This story starts in the early 1700s when Peru’s slaves were banned from using drums. Their rhythmical songs were adapted to the cajón—a wooden box of agricultural origins and a mainstay in Black Peru. A hybridization of African, Indian, Latin, and European music evolved over the next 200 years, but in the late 1950s the African elements of Peruvian music were reborn. On January 20, 2004, Perú Negro, the only Afro-Peruvian performance troupe to last 35 years, releases Jolgorio (Times Square Records), their second CD in recent years, and launches a North American tour that will hit a dozen cities.
For those familiar with the music of Black Peru, many tracks on Jolgorio—which translates as “a state of celebratory frenzy”—will sound familiar. Songs like Jolgorio and Taita Guaranguito appear on their new CD to show the artistic evolution achieved by the group while maintaining strong ties to their roots.
Two groups set the standards of contemporary Black music in Peru. One was the seminal group Cumanana, founded by Nicomedes Santa Cruz and which disbanded in the ’70s, and the other is Perú Negro. In 1969, Ronaldo Campos was playing cajón in a Lima tourist restaurant. With encouragement from the restaurant proprietor, Campos adapted his repertoire to emphasize Black music, and Perú Negro was born. Soon after, Perú Negro won the grand prize at the Hispanoamerican Festival of Song and Dance in Buenos Aires, Argentina and overnight became a national treasure in Peru.
Partial credit for the performance evolution of Black Peruvian music goes to a Cuban drummer named Jesus “el Niño” Nicasio who performed in Peru in the early ’50s. El Niño and Campos played together in Cumanana, where they incorporated Cuban conga and bongó into Black Peruvian music. El Niño invented the first drum patterns used for this genre. (El Niño's son “Macario” later perfected these patterns as a member of Perú Negro and today el Niño's grandson “Macarito” continues the tradition as a member of the group.) Perú Negro’s adaptations took on their own form and are now accepted as a wholly Peruvian phenomenon.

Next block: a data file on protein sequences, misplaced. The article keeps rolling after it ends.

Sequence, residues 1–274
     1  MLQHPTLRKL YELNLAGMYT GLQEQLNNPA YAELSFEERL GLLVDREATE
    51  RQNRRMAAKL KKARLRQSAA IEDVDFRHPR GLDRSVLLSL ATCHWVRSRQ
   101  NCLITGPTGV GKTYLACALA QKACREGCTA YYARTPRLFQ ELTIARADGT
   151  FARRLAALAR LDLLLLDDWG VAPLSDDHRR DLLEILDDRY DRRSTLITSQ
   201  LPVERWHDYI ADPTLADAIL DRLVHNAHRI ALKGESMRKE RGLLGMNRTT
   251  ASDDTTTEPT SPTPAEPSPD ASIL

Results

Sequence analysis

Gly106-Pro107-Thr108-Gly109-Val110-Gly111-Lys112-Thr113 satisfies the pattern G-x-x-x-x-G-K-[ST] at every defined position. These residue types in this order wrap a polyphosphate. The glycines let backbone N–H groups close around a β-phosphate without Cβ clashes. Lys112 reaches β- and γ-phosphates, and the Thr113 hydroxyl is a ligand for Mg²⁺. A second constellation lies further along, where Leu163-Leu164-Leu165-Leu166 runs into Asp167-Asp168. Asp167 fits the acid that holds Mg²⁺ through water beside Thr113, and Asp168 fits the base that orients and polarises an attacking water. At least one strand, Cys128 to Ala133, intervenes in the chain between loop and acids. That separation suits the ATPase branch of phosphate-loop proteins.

Perú Negro’s ascent came at a time when a new revolutionary military government sought to gain popular support through the promotion of indigenous Peruvian folklore, writes Heidi Feldman in her forthcoming book, Black Rhythms of Peru: Staging Cultural Memory Through Music and Dance (Wesleyan University Press, 2005). “The collapse of the military revolution and its cultural policy in 1980,” continues Feldman, “compounded by evening blackouts and bombings during the Maoist guerrilla army Sendero Luminoso’s crusade of terror—put an end to much of Perú Negro’s local theatrical work in the 1980s. The company stopped performing in theaters and returned to its origins, entertaining tourists in restaurants and peñas (nightclubs).”
When Ronaldo Campos died in 2001, his son Rony took over Perú Negro’s direction. Under the younger Campos, the group is experiencing a revival. The latest repertoire features such innovations as the presence of a flute, now becoming integral to Black Peruvian music, and Cuban drums made Peruvian, such as the wooden batajón which is a cross between a cajón and a batá (double-headed Afro-Cuban drum). The group reinterprets standards and composes new songs. They also feature some dances they had stopped presenting due to the economic crisis of the ’80s & ’90s; like Son de Los Diablos, which requires intricate and costly costumes.
The diverse elements in Perú Negro’s repertoire reflect a complex history of Blacks in Peru. Villancico Negro compiles Christmas chants from the mostly Black districts of El Carmen and Chincha. The violin chords reflect a lamento Andino or Andean lament; a melancholic tuning that may “sound wrong” to those unfamiliar with the tradition. The dance Toro Mata mocks the minuets and waltzes that slaves observed while serving the parties of slave masters who danced pompously dressed in colonial ruffles. The stiff, almost military alignment of the dance imitates the opening of the minuet, but the dancers mock the rigidity and absence of natural grace required for this dance. They accentuate this difference in style with explosions of rhythm, corporal dexterity, and in subtle elegance. Cesar Calvo’s solemn poem De España embodies the paradoxical influence of the colonizers who brought both slavery and Christianity: “from Spain Christ arrived, but so did the master, and just like the master did with Christ, he took Blacks and crucified them…” While the paradox created tragedy, the hybrid of influences of Perú Negro has created music rich with profound rhythm, passion, and history.